General Brooks received numerous U.S. and foreign military awards and decorations during his military service. They include the U. S. Army Distinguished Service Medal, two Legion of Merit Medals, two Bronze Star Medals, seven Air Medals, the Vietnamese Ranger Badge, Vietnamese Cross of Gallantry, and The Republic of Korean Order of National Security Merit award (Cheon-Su Medal).
Retiring from the Army in 1976, General Brooks joined AMFAC, Inc. of Hawaii, a land development company, where he rose to the position of Executive Vice President. In 1984, General Brooks and his colleagues founded Advance Consumer Marketing Corporation that generated over $250 million in revenue over the next nine years. This company won the “1989 Department of Commerce Minority Business of the Year,” and the "1990 Black Enterprise Company of the Year.”
Brooks’ philanthropic outreach and achievements throughout his civilian life rivaled his military service and decorations. An accomplished speaker, General Brooks was called upon to address countless, diverse audiences. Presented with the Kiwanis International Award, NAACP Meritorious Service, NAACP Freedom Award, Pittsburgh Courier Top Hat Award, Who’s Who in America, Who’s Who in Black America, and a Public Relations New Gold Key Award. Also awarded the Sagamore of the Wabash, Indiana's highest civilian award, and a bust of General Brooks sits on permanent display inside the Indiana World War Memorial.
General Brooks earned a Business Degree from the University of Nebraska and a Master of Human Relations Degree from the University of Oklahoma. In addition to graduating from the Army War College, he, also, graduated from the Industrial College of the Armed Forces and The Army Command and General Staff College. In 1978, he completed the Stanford Graduate School of Business Executive Program.
Brooks served 30 years as a Trustee of the Freedom Forum, and was, also, a Trustee of Gannett Newspaper Foundation, member of the Hawaii Advisory Committee, Director on the Newseum Board and U.S. Commission on Civil Rights, member of the Board of Trustees for the Fine Arts Museum of San Francisco, and Member of the Board of Directors of the Occupational Medical Corporation of America. Moreover, General Brooks served on the Board of Directors of the Bay Area Urban League, San Francisco Urban League, Hawaii State Chamber of Commerce, National Minority Supplier Development Council, First Amendment Center at Vanderbilt University, and International Diplomacy Council. He was SpaceVest Ltd. Advisor, Strategic Advisor for RPost, Inc., and on the Advisory Board of China Logistics Group, Inc. (formerly MediaReady Incorporated). A 33 Mason and Shriner, General Brooks was, also, a member of the Rotarians.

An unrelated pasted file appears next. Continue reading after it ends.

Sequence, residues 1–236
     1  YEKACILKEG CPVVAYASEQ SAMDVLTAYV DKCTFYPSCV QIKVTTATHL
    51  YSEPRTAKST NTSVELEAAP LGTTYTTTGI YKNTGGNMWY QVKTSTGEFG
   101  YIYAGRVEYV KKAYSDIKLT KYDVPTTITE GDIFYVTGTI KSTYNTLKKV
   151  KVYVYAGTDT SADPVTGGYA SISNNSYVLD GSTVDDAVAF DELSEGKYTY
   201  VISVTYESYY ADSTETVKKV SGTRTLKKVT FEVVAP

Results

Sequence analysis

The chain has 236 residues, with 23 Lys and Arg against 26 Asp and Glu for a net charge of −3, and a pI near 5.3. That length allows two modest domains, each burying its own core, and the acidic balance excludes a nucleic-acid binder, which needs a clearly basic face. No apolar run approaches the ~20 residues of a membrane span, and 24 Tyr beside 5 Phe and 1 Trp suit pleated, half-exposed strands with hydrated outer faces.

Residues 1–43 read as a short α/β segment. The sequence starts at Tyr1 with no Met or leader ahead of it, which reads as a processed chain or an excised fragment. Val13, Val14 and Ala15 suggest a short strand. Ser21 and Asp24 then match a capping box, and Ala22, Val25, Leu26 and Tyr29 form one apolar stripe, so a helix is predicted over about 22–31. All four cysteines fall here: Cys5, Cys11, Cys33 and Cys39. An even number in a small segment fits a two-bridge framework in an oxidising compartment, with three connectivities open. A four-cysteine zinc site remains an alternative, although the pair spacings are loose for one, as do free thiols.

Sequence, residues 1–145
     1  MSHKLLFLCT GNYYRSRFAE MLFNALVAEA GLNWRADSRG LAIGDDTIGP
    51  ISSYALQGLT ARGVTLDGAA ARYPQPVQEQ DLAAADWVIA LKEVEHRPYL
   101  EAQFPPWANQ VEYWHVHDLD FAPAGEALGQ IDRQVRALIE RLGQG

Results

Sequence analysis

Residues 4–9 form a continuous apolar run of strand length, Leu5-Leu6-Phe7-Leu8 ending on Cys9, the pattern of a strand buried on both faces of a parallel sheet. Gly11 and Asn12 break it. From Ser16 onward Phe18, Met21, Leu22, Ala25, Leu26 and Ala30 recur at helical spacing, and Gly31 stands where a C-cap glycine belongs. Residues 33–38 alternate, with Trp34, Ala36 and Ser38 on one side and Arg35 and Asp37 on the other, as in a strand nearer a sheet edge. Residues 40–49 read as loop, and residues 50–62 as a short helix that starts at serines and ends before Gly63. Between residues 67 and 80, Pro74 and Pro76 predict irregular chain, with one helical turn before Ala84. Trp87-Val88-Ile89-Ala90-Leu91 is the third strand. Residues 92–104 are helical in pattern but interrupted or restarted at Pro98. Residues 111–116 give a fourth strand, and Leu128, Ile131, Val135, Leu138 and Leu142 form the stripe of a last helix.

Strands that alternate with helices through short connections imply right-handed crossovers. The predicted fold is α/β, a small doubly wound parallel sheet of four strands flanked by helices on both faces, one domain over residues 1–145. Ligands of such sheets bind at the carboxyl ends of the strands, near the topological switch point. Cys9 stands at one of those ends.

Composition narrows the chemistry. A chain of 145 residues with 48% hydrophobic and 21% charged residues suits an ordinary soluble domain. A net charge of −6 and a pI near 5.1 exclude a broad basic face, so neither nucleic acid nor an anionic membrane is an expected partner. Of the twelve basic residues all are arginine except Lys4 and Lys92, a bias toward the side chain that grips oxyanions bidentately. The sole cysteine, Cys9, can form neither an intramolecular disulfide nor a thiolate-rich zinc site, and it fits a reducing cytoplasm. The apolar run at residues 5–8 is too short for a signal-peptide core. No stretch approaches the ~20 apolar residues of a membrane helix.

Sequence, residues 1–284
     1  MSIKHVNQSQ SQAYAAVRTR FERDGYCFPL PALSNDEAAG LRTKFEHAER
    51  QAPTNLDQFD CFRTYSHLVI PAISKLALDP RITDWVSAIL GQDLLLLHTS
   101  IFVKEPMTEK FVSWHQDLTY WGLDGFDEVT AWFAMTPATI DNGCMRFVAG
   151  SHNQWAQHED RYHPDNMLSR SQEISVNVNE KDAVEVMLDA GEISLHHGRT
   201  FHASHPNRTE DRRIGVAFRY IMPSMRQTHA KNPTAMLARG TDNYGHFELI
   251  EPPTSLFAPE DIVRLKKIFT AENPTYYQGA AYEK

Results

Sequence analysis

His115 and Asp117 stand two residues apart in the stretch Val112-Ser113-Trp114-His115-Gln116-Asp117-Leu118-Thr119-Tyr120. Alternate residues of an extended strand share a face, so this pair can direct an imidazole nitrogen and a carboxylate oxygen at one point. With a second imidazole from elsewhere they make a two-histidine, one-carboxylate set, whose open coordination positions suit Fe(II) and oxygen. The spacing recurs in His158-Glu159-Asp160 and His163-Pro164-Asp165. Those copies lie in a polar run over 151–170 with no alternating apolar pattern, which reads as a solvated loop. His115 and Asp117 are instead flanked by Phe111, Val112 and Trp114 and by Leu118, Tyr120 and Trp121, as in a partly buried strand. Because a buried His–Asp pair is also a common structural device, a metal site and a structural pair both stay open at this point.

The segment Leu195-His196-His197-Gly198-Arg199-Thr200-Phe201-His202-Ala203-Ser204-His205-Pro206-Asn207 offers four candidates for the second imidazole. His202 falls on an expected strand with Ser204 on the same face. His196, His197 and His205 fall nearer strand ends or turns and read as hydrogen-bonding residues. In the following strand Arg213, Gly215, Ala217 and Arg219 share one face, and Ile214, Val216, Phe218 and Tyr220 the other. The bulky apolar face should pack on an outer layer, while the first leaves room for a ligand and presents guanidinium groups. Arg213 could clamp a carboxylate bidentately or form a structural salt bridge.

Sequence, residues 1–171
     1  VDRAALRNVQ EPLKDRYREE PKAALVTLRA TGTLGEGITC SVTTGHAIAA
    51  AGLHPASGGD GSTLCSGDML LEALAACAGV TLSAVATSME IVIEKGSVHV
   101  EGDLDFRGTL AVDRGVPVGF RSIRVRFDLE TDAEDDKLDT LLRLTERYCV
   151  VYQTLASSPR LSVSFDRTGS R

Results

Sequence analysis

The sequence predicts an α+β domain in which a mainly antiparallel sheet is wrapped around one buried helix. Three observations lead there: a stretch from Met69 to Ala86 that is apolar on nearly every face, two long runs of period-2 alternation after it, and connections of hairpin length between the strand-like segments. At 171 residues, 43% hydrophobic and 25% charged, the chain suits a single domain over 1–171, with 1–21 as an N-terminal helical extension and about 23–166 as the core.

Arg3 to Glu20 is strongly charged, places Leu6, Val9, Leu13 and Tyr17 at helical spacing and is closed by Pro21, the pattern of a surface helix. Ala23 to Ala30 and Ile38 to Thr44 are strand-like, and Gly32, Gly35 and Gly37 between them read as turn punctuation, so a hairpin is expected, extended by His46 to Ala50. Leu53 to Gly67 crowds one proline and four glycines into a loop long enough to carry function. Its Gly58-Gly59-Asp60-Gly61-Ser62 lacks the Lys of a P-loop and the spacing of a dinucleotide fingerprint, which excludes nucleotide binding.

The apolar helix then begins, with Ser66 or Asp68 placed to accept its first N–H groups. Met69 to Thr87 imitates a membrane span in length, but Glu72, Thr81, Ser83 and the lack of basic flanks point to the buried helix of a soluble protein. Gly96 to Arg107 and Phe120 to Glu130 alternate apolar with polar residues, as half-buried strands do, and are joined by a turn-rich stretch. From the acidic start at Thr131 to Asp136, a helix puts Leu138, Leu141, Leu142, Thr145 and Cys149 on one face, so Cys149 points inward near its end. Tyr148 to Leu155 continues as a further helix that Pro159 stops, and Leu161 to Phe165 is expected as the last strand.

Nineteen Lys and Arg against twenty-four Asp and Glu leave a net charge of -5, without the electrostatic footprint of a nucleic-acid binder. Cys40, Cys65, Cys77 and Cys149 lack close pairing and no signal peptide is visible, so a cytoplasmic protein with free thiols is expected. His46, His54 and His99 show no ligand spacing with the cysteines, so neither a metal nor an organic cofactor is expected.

General Harry W. Brooks, Jr. was inducted into the Indianapolis Public School Hall of Fame in 2015, and is a member of the Indiana Military Veterans Hall of Fame Class of 2017. He was retired from Brooks International, a trading company for which he served as Chairman, and was residing in Las Vegas at the time of his death.
General Brooks is survived by his wife, June C. Hezekiah Brooks, sons, Major Harry W. Brooks, III (Ret) and Craig Ernest Brooks, stepdaughter, Kim Arnold, sister Betty L. Shaw, and a host of nieces, nephews, cousins, friends and mentees. In addition to his parents and sons, Larry and Wayne, General Brooks’ sisters, Dorothy N. Davis and Carolyn Sue Sherrill, and brother, James Thomas Brooks, preceded him in death.
Major General Harry W. Brooks Jr., USA, (Ret) will be laid to rest in Washington, DC in Arlington National Cemetery with full military honors at a date to be announced.